We used genre because it was the most natural way to tell this story. If you talk about witches, magic, fear and trauma, you want to bring the audience into this world, make them feel it. If a movie doesn’t leave any emotional mark, I don’t really consider it a good movie. When I grew up, genre was considered something cheap. And many of those movies were in fact cheap-looking and corny. But today, cinema is much freer. I can use any form or genre to make the impact that I want to make. It’s only natural that film festivals see this shift and support it.
You use very modern cinematic language in the film. For example, the Midsummer night is depicted in a very untraditional way. How did this happen?
I guess we allowed ourselves to dream big with this movie. We didn’t think of any box it should fit in. We just played with the tools we gave ourselves. For example, the Midsummer night – that was a collaboration between me, the writer, the DoP, the choreographer, the makeup artist and the composer. I had some vague idea of what I wanted, but I invited these people to create it together with me and it worked and it was fun to make!
The editing is very dynamic in the film. Thibault Hague, who edited I Am Not Witch [+see also:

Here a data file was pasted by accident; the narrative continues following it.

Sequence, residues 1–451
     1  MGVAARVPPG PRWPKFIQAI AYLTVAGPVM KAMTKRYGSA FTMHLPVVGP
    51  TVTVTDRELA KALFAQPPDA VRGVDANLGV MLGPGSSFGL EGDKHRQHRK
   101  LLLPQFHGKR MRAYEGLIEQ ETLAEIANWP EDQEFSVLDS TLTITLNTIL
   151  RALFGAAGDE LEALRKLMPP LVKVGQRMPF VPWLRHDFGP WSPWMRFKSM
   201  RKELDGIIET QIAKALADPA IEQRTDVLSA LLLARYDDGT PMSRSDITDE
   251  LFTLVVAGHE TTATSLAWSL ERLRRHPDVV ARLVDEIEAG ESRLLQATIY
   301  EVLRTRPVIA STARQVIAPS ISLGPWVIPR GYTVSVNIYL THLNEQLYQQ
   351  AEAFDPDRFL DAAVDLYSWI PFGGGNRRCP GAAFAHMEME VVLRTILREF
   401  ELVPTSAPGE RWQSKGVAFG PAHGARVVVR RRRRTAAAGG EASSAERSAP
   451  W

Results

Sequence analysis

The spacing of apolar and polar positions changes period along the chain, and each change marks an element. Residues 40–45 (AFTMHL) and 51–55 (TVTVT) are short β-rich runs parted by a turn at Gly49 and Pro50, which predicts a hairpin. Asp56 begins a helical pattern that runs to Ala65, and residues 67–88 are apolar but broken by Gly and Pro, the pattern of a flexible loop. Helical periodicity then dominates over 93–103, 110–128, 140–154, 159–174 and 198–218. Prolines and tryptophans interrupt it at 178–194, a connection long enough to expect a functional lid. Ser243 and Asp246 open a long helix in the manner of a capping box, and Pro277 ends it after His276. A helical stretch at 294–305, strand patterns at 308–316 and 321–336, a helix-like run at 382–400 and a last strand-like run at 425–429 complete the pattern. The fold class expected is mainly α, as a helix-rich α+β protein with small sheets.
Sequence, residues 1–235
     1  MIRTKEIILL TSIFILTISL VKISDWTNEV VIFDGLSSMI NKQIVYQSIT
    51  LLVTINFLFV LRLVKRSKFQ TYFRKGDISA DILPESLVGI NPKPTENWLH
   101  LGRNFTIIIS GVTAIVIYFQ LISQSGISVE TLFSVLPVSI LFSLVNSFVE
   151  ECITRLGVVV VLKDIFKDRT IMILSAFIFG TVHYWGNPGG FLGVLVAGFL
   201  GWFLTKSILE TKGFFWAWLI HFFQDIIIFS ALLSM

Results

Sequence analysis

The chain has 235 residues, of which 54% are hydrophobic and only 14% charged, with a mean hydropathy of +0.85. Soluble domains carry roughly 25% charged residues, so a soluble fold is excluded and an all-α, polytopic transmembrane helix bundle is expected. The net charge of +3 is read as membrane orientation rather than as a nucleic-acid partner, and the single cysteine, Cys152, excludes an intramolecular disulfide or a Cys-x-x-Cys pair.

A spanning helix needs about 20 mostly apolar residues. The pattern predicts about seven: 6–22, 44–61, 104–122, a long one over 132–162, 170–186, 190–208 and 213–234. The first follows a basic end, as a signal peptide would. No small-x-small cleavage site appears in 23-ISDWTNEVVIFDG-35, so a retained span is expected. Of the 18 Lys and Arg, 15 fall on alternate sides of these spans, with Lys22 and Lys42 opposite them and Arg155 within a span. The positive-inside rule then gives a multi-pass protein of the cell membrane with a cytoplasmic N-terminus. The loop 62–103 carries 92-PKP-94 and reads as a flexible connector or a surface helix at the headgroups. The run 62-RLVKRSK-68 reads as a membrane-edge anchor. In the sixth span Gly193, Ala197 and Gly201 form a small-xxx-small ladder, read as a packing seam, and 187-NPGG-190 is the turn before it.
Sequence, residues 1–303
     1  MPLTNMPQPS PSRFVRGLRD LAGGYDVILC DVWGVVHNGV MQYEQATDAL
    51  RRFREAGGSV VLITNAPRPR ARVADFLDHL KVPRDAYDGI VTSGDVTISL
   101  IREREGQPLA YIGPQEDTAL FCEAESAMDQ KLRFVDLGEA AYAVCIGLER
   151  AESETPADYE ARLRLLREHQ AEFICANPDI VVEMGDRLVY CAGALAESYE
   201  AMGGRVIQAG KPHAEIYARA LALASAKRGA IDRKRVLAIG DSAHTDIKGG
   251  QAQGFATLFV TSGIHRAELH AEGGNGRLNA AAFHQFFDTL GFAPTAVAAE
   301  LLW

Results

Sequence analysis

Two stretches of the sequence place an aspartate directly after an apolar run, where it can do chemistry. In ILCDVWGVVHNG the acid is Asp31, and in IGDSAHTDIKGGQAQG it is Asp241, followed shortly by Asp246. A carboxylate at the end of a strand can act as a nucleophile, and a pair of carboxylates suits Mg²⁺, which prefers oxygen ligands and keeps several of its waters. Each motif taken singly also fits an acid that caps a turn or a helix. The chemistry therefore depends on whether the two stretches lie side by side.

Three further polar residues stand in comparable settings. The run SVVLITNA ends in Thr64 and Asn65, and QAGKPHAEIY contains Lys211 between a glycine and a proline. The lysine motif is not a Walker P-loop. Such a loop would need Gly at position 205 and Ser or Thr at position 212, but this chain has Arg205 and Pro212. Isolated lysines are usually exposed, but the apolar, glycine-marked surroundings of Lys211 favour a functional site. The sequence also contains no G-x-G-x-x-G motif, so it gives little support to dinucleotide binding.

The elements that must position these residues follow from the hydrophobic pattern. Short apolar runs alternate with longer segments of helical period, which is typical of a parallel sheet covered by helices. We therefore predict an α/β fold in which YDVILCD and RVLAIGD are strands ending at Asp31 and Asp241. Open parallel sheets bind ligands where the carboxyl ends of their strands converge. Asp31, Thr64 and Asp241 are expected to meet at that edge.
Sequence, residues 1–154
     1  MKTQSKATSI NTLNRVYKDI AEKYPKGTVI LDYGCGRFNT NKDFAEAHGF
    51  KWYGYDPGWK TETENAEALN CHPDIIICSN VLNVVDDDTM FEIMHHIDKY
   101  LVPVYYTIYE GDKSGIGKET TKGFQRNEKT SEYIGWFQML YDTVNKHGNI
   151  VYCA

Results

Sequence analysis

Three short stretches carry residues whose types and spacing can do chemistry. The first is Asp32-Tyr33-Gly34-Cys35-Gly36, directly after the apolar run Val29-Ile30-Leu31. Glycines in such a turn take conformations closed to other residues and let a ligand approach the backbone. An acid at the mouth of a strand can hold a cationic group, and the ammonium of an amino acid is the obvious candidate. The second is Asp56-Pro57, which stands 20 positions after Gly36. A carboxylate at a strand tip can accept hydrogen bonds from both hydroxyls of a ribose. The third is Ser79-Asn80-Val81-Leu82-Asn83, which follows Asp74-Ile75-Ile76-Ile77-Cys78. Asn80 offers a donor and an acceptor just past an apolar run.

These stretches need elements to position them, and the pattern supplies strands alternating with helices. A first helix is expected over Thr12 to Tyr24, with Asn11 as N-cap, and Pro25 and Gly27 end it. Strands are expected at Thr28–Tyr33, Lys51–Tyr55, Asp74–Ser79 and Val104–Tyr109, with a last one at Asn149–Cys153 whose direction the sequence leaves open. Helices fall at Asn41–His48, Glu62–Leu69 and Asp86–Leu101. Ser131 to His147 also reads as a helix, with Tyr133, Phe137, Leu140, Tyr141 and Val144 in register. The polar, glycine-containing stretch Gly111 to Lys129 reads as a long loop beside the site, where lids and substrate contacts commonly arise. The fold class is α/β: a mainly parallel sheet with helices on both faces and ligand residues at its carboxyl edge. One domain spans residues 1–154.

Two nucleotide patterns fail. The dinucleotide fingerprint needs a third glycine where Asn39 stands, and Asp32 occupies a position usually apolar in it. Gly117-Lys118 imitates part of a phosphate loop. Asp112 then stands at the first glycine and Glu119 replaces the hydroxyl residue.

interview: Rungano Nyoni
film profile], and Pavel Hrdlička (Charlatan [+see also:
interview: Agnieszka Holland
film profile], By a Sharp Knife [+see also:
film profile]) co-edited Nightsiren. Can you elaborate on how you approached the editing?
I feel like I spent half of my life editing this movie. It was a long and hard process. First, we discovered that we can’t tell this story in a traditional way. Then we had to figure out the balance between drama and genre. The timing of what to say and when is crucial. With Pavel we got to a point where we needed the perspective of someone outside our culture. Thibault was the perfect choice, because he’s very open and he immediately dialled into the movie. He brought back some motives we removed out of fear they’d be over the top.
It turned out we were just scared and those scenes or storylines really worked. After Thibault, it took me another three months to realise I could play with the structure even more if I added chapters. That move freed me and I could build the narrative on an emotional through-line. The lesson I’m taking from this process is, don’t send your movie to festivals or show it to too many people if you’re not absolutely sure it’s finished.
Patti Cake$ and Industry DoP Federico Cesca is Nightsiren's DoP. Why did you decide to work with him?
Initially, I was looking for a DoP that is not from Slovakia, because I felt that I need someone that would look at our country and traditions from an outsider's perspective. I felt like it could bore people who grew up in it. Also I wanted a DoP who is great with natural light and working handheld. I saw Patti Cake$ and I loved it, but I didn’t connect the dots until I had a meeting in New York with the producer of the movie.
He told me that Fede married a Slovak woman and had moved there for the time being. I immediately watched all of his movies and contacted him. I loved working with him because he didn’t have a problem shooting scene-long shots, which made the scenes and acting feel much more natural. At the same time he had some great, visually ambitious ideas, like the neon lights or circular dolly track for the dance scene.